Jacket, The

Reviewed By Chris Parry
Posted 01/25/05 07:15:46

"An entirely misleading trailer, an entirely thrill-free thriller."
2 stars (Pretty Bad)

SCREENED AT THE 2005 SUNDANCE FILM FESTIVAL: All you’d need to hear to be interested in seeing The Jacket is that it was produced by Steven Soderbergh and George Clooney, and stars Adrien Brody and Keira Knightley. That combo, right there, should be the stuff of critical acclaim and box office gold. It should be the stuff of legend. It should be a strong award-contender. In other news… it isn’t.

It’s really difficult to know where to begin in taking apart The Jacket, because it’s just so… blah. It’s like going to a gelato store and ordering vanilla… and vanilla. In a cardboard cone. Adrien Brody is Jack Starks, a Gulf War veteran given a medical discharge after being shot in the head by an Iraqi child. Now an amnesiac with occasional brain meltdowns, Starks hits the road and goes all Zen for a while, encountering a drugged-out mom and a precocious kid. In a moment of overt pleasantness, he gives his army dog tags to the little’un, then stumbles into a shoot-out between a local boob and a cop (as you do). With the cop dead, the boob heading for the hills, and Starks severely injured at the roadside with no memory of the events that had just taken place, the soldier is charged with the policeman’s murder. Categorized as criminally insane, and sent to a nutbar hospital where Kris Kristofferson likes to lock folks in the morgue freezer for hours at a time so they’ll get in touch with their inner demons, it’s probably safe to say that Starks shouldn’t bother buying any lottery tickets for a while. Essentially, he has all the luck and future prospects of Pauly Shore.

All of the above should be too much storyline for a critic to rightly give away in a film review but, in reality, all of these events are shown in a matter of minutes after the opening credits have rolled, and, on top of that, they’re also given away in the trailer. So ya-boo to all of you.

If you’ve seen the trailer for The Jacket, you no doubt expect that as soon as Brody goes into the meat locker for the first time, the film becomes a sick and twisted black whodunit thriller with style by the truckload and pop scares that will send you into a startled prolapse. Sadly, you’d be wrong. Instead, The Jacket instead turns into a sort of odd ghost story, only not, or maybe a bizarre time travel flick, but probably not, with the kind of twists and turns that leave you thinking, “Okay… so what?”

Keira Knightley, so often called the next big thing in the film world, proves once again that the empress wears no clothes… by wearing no clothes. While that may seem like reason enough for some to see the film, and maybe sneak in a cellphone with digital camera capability while they’re at it, for most folks who might actually be looking for… What do they call it? Acting? …This is really not the place to drop anchor. Brody, so often the strongest glue holding a film together, is bland and boring and so darn “aw shucks” in this that you want to throttle him every time he gives one of those patented goofy “gee willickers” grins and ruffles a kid’s hair approvingly. Opposite him, Keira Knightley brings all the emotional weight of a block of Edam to her role, as the little’un entering Drake’s life some fifteen years down the road. Someone needs to tell her acting coach that ‘mouth agape’ is not an emotion.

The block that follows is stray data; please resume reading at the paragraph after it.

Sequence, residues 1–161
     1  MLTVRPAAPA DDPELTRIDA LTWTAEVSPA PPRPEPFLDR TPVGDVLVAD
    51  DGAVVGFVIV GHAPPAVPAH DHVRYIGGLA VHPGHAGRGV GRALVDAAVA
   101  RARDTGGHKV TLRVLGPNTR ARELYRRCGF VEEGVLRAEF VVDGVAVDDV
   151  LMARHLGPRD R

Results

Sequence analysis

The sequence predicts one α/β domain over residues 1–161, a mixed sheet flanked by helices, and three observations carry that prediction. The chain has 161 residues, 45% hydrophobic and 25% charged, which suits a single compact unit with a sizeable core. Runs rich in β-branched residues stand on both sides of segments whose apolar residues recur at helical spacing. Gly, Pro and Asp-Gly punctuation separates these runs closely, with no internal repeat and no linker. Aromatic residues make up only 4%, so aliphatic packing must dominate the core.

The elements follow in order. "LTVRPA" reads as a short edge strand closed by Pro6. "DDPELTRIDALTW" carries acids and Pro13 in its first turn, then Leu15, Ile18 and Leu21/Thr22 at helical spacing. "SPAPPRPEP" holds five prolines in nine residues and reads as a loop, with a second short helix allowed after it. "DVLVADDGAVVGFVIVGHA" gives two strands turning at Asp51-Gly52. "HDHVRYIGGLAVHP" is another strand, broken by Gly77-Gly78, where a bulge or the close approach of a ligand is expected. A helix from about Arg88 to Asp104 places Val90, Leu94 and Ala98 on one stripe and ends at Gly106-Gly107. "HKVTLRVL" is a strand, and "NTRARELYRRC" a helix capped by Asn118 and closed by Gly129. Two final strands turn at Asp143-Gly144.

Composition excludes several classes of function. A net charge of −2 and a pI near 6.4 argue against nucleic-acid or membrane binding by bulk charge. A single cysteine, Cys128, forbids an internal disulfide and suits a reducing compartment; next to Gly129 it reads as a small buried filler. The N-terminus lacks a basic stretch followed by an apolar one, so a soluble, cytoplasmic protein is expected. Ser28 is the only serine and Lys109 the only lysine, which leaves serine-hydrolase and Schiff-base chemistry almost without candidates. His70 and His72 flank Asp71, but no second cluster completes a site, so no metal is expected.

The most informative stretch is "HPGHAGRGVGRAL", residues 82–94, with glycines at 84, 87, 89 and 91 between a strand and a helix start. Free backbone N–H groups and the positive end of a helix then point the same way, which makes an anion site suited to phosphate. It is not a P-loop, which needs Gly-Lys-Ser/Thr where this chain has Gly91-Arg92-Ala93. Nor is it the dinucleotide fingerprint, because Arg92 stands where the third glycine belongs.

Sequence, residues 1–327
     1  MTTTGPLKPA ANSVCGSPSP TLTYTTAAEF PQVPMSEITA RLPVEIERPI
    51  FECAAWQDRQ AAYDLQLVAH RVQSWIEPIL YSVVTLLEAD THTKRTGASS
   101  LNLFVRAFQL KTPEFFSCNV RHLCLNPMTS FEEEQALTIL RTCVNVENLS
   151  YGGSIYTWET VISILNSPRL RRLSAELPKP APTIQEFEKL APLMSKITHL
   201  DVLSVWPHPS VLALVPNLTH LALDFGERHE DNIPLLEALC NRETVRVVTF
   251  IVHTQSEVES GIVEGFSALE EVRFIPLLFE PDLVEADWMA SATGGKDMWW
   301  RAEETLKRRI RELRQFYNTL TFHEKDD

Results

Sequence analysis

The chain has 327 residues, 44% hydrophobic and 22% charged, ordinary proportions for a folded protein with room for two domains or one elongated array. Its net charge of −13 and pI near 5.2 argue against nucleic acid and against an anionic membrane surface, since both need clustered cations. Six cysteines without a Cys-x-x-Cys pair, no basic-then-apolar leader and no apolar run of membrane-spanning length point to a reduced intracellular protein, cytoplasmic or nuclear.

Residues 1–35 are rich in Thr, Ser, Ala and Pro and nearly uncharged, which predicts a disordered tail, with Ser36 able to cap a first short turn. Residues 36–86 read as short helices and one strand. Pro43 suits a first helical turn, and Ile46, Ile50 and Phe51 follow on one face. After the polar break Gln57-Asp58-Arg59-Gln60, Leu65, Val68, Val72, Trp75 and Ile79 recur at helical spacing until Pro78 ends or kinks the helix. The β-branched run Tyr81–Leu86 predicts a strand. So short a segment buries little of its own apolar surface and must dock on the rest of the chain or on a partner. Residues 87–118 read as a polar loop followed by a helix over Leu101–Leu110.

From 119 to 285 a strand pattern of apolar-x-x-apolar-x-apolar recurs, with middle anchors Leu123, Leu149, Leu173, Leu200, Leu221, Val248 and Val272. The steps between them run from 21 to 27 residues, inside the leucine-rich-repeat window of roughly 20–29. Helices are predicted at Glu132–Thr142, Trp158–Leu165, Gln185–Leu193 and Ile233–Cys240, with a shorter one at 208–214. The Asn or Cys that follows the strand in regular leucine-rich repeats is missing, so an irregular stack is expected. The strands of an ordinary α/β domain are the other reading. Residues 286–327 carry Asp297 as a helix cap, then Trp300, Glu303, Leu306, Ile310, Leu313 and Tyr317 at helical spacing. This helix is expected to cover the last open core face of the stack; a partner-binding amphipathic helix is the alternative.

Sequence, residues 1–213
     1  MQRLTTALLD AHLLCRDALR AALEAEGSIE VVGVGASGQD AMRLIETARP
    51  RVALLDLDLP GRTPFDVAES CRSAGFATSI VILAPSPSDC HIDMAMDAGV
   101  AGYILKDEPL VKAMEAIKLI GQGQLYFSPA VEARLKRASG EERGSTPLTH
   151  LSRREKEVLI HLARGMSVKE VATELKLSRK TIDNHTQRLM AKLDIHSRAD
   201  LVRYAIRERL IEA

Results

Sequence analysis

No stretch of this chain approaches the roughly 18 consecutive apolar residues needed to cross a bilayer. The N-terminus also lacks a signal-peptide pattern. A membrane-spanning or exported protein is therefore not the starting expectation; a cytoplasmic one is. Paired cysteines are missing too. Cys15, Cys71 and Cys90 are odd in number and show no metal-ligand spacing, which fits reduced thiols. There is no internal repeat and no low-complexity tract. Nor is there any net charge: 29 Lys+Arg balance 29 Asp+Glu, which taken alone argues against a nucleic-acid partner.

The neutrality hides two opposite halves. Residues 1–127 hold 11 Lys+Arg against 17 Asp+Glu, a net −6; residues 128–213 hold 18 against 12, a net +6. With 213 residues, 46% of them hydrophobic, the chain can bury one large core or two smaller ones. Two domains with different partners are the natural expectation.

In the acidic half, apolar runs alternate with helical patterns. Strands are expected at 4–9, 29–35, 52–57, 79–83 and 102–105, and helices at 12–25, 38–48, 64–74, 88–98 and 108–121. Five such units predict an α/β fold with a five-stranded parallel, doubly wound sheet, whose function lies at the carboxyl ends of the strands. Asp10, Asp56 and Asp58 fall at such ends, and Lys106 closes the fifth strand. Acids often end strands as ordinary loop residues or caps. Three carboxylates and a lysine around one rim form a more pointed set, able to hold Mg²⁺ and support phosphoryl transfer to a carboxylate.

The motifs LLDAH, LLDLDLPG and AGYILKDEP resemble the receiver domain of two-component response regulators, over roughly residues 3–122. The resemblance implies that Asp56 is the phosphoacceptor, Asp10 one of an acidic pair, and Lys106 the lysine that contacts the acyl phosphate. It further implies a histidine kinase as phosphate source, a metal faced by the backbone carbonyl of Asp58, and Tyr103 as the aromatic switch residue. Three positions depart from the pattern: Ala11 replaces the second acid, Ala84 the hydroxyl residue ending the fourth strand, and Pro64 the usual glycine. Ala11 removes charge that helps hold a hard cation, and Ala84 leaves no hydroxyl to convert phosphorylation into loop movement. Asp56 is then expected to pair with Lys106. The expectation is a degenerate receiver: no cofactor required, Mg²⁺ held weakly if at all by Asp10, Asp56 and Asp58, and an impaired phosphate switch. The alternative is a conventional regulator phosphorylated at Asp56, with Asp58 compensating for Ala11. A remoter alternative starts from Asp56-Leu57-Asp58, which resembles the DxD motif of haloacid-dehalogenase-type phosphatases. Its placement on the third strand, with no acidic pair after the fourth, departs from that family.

Sure, there are some good moments in the flick which I’m admittedly not giving a lot of column inches to, but the fact of the matter is that even the good parts of the film never really come close to being great. Director John Maybury surely knows how to conjure a mild bout of claustrophobia in the minds of his audience, and his background as a photographer is apparent more than once, but just as the film begins to look as if it will descend into mind-blowing madness, or at least some sort of actual reason to be, Maybury wimps out. If scattered images of horror in a young actor’s irises were enough to instill fear in an audience, then people would have run screaming from Spun and Gothika and Requiem for a Dream.

Actually, thinking about it, I ran screaming from two of those films, but not because I was scared of them.

Maybury comes with high recommendations attached – his previous feature, Love is the Devil, was reasonably well received – but for all the talk of the director invoking Fassbinder, Pasolini, Warhol and Anger in his work, the end result of his first stab at the big show is decidedly pedestrian. What’s supposed to be the message behind The Jacket? Are we supposed to be feeling for Starks when he seems able to do things Superman would have to fly around the world a hundred times really fast to match? And what of Jennifer Jason Leigh, becoming the master healer simply by plugging people into light sockets? Huh? Wha? Is it a drama, a thriller, a horror movie or what? Even the cast don’t seem to really know for sure.

Ultimately, The Jacket is a film that is destined to underwhelm. If the spinning chair footage from The Ring was enough to make you clear your poopchute in fright, by all means gets stuck in to this flick and stand around the watercooler on Monday talking of how eery it was. And then wake up to yourself… wimp.

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